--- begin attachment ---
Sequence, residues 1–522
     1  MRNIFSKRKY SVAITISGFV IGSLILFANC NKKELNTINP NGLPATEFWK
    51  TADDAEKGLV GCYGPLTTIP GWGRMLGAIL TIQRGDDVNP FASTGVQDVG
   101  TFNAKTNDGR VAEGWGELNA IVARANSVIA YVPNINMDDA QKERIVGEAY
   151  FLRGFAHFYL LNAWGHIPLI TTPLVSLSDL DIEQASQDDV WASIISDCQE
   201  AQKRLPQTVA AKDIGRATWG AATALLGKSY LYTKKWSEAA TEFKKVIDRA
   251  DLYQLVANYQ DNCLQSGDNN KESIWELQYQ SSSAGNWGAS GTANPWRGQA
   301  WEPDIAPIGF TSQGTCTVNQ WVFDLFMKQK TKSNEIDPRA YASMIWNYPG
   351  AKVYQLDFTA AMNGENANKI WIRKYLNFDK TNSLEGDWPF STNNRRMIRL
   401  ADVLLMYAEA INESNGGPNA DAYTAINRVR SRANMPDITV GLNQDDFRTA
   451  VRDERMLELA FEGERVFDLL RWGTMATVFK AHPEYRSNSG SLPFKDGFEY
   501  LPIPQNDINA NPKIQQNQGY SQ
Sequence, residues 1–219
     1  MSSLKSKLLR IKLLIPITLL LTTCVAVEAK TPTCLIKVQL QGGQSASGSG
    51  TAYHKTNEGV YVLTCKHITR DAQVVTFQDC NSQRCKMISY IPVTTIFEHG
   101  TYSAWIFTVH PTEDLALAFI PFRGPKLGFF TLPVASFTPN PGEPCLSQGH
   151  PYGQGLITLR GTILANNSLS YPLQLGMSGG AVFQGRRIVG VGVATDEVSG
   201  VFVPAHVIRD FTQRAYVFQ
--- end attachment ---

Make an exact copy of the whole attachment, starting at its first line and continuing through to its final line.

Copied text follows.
Sequence, residues 1–522
     1  MRNIFSKRKY SVAITISGFV IGSLILFANC NKKELNTINP NGLPATEFWK
    51  TADDAEKGLV GCYGPLTTIP GWGRMLGAIL TIQRGDDVNP FASTGVQDVG
   101  TFNAKTNDGR VAEGWGELNA IVARANSVIA YVPNINMDDA QKERIVGEAY
   151  FLRGFAHFYL LNAWGHIPLI TTPLVSLSDL DIEQASQDDV WASIISDCQE
   201  AQKRLPQTVA AKDIGRATWG AATALLGKSY LYTKKWSEAA TEFKKVIDRA
   251  DLYQLVANYQ DNCLQSGDNN KESIWELQYQ SSSAGNWGAS GTANPWRGQA
   301  WEPDIAPIGF TSQGTCTVNQ WVFDLFMKQK TKSNEIDPRA YASMIWNYPG
   351  AKVYQLDFTA AMNGENANKI WIRKYLNFDK TNSLEGDWPF STNNRRMIRL
   401  ADVLLMYAEA INESNGGPNA DAYTAINRVR SRANMPDITV GLNQDDFRTA
   451  VRDERMLELA FEGERVFDLL RWGTMATVFK AHPEYRSNSG SLPFKDGFEY
   501  LPIPQNDINA NPKIQQNQGY SQ
Sequence, residues 1–219
     1  MSSLKSKLLR IKLLIPITLL LTTCVAVEAK TPTCLIKVQL QGGQSASGSG
    51  TAYHKTNEGV YVLTCKHITR DAQVVTFQDC NSQRCKMISY IPVTTIFEHG
   101  TYSAWIFTVH PTEDLALAFI PFRGPKLGFF TLPVASFTPN PGEPCLSQGH
   151  PYGQGLITLR GTILANNSLS YPLQLGMSGG AVFQGRRIVG VGVATDEVSG
   201  VFVPAHVIRD FTQRAYVFQ